A total of 26 former NFL players, coaches and executives were announced as semifinalists for the 2015 Pro Football Hall of Fame earlier this week. That number will be narrowed down further in January before the inductees are announced during Super Bowl week in February.
Among the most noticeable semifinalists are: Kurt Warner, Junior Seau, Marin Harrison, Isaac Bruce, Terrell Davis and Tim Brown.
First time nominees include Warner, Bruce, Seau, Torry Holt, Orlando Pace, Edgerrin James, Kevin Mawae and Ty Law.
To say that this is a rather strong semifinalist group would be an understatement. But as we have seen in previous years, there are going to be some major snubs here. Since 2006, there have been between six and seven inductees each year.
Here are our predictions of those who will be inducted into the Pro Football Hall of Fame when all is said and done.
Kurt Warner, Quarterback
Statistics: 65.5 completion, 32,344 passing yards, 208 touchdowns and 128 interceptions
Warner led his clubs to two Super Bowl appearances and one championship in parts of 11 seasons as a starter. And while he didn’t really join the NFL ranks until the ripe age of 28, Warner proved that he belonged with the big boys. He threw 20-plus touchdowns six different times and surpassed the 4,000-yard mark three times. After struggling through down seasons between 2002-2006 with the Rams, Giants and Cardinals, Warner found himself in the midst if a rejuvenation with Arizona in 2008. He led the team to a 9-7 record and a playoff spot before putting up one of the best postseason performances in recent history. Warner threw 11 touchdowns en route to a close Super Bowl loss to the Pittsburgh Steelers. A loss that remains controversial to this day.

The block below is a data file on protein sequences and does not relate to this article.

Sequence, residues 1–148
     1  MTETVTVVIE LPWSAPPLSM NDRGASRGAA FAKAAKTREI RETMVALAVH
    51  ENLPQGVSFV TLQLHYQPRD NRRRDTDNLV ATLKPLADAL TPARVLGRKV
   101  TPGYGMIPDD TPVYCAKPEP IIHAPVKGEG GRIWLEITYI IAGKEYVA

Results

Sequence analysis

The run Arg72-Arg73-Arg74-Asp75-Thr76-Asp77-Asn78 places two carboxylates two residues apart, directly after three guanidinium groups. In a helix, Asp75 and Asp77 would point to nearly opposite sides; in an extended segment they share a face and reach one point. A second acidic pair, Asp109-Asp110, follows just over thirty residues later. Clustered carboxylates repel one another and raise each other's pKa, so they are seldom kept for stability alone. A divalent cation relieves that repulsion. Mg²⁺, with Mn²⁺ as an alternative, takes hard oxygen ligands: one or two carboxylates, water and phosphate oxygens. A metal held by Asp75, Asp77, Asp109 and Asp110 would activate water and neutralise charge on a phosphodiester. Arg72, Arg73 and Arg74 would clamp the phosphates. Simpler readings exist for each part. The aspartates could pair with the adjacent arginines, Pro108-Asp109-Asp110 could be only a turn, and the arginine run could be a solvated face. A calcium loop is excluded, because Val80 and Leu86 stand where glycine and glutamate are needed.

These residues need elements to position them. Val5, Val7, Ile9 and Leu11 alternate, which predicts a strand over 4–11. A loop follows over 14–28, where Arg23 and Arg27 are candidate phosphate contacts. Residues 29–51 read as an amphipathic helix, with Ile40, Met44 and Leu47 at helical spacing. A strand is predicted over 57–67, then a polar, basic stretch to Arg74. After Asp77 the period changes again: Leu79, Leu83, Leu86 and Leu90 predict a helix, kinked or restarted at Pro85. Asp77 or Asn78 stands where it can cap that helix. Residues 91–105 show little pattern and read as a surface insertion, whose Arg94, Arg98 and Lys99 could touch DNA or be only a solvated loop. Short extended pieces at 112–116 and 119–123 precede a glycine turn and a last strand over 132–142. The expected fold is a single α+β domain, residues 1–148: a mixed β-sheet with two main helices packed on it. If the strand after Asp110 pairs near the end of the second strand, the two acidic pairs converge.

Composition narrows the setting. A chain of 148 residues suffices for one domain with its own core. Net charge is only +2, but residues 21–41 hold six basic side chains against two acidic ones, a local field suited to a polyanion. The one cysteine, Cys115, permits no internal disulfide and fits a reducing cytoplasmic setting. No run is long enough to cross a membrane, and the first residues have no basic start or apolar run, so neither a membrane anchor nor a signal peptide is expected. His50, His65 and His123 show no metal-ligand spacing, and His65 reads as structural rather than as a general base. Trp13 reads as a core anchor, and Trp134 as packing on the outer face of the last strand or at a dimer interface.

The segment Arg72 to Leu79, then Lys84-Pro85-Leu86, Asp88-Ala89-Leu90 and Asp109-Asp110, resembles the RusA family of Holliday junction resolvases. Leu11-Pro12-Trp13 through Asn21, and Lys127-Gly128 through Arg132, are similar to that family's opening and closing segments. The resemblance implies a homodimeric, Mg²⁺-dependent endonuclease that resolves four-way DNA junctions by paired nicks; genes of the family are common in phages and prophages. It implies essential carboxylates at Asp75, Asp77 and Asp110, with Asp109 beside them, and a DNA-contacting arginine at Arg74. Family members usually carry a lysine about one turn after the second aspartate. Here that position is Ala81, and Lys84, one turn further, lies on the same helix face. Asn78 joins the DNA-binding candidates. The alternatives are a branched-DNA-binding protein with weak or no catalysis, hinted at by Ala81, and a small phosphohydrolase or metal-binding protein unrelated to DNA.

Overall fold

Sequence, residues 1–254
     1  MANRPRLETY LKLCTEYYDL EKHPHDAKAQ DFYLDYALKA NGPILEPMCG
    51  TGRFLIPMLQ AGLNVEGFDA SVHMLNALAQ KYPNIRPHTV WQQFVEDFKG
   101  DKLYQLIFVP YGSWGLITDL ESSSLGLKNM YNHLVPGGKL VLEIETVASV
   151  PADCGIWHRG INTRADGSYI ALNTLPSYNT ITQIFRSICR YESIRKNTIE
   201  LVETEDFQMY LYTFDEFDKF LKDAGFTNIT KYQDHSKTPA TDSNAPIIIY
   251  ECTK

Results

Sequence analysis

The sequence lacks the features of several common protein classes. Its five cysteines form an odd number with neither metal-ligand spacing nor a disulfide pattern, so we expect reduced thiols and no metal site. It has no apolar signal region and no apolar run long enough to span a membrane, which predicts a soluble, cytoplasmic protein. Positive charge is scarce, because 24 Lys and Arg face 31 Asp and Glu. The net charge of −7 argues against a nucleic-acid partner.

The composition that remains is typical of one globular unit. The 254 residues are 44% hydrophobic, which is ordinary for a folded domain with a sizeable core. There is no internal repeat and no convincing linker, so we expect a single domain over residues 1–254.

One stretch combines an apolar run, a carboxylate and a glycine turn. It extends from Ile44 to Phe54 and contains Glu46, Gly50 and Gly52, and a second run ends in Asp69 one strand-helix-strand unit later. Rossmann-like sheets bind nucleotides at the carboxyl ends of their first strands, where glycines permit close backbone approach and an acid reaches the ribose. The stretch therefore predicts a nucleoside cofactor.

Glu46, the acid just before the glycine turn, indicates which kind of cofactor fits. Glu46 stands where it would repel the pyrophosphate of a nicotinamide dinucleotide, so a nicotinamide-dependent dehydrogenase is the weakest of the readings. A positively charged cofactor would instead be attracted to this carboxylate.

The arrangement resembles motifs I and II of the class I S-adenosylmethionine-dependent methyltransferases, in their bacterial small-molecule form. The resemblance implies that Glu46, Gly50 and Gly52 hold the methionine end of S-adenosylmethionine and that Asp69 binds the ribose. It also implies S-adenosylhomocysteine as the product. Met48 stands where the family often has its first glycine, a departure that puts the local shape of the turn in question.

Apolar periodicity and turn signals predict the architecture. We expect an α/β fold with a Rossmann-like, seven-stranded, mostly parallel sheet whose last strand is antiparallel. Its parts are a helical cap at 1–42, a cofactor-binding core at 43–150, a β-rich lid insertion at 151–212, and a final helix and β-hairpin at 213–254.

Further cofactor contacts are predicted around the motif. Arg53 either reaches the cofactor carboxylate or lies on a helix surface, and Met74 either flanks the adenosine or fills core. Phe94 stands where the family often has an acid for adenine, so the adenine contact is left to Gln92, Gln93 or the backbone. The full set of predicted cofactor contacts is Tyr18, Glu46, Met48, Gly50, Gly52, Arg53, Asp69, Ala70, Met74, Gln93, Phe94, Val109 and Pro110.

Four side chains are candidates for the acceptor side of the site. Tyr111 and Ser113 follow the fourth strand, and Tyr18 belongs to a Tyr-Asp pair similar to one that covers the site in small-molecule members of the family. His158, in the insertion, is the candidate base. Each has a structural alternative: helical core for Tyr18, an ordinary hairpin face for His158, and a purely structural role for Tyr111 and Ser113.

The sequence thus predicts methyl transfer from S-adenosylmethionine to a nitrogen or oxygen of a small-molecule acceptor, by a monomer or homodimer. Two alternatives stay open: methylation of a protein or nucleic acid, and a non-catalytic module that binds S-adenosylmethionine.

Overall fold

The numbers might not be there to suggest that Warner played at a high enough level for a long time, but his ability to overcome early-career failures has to be taken into account here. Warner was first released by the Green Bay Packers in 1994 before stocking shelves at a local grocery store in Iowa. After existing in relative darkness in the Arena Football League, Warner finally made his name known at 28 years old. He’s an unlikely story. And to be honest, he’s a story made for Canton. There is no way Warner is not inducted into the Hall of Fame come next summer.
Tim Brown, Wide Receiver
Statistics: 1,094 receptions, 14,934 yards and 100 touchdowns
Brown has been a finalist in each of the last four seasons, which is a downright travesty. He deserved to be a first-ballot Hall of Famer, and there is not a single person out there that can tell me otherwise. Brown put up 1,000-plus receiving yards nine times, was a nine-time Pro Bowler and was named to the NFL’s 1990’s All-Decade Team.
He ranks fifth on the all-time reception list, sixth in receiving yards and is tied for seventh all-time with 100 touchdowns. There might have been better receivers in the NFL during Brown’s playing days, but he was as consistently great as anyone out there. And as with many former Raiders, it seems that the Hall of Fame has something against Brown. In order to right a wrong, he must be inducted this year. It’s that simple.
Torry Holt, Wide Receiver
Statistics: 920 receptions, 13,382 yards and 74 touchdowns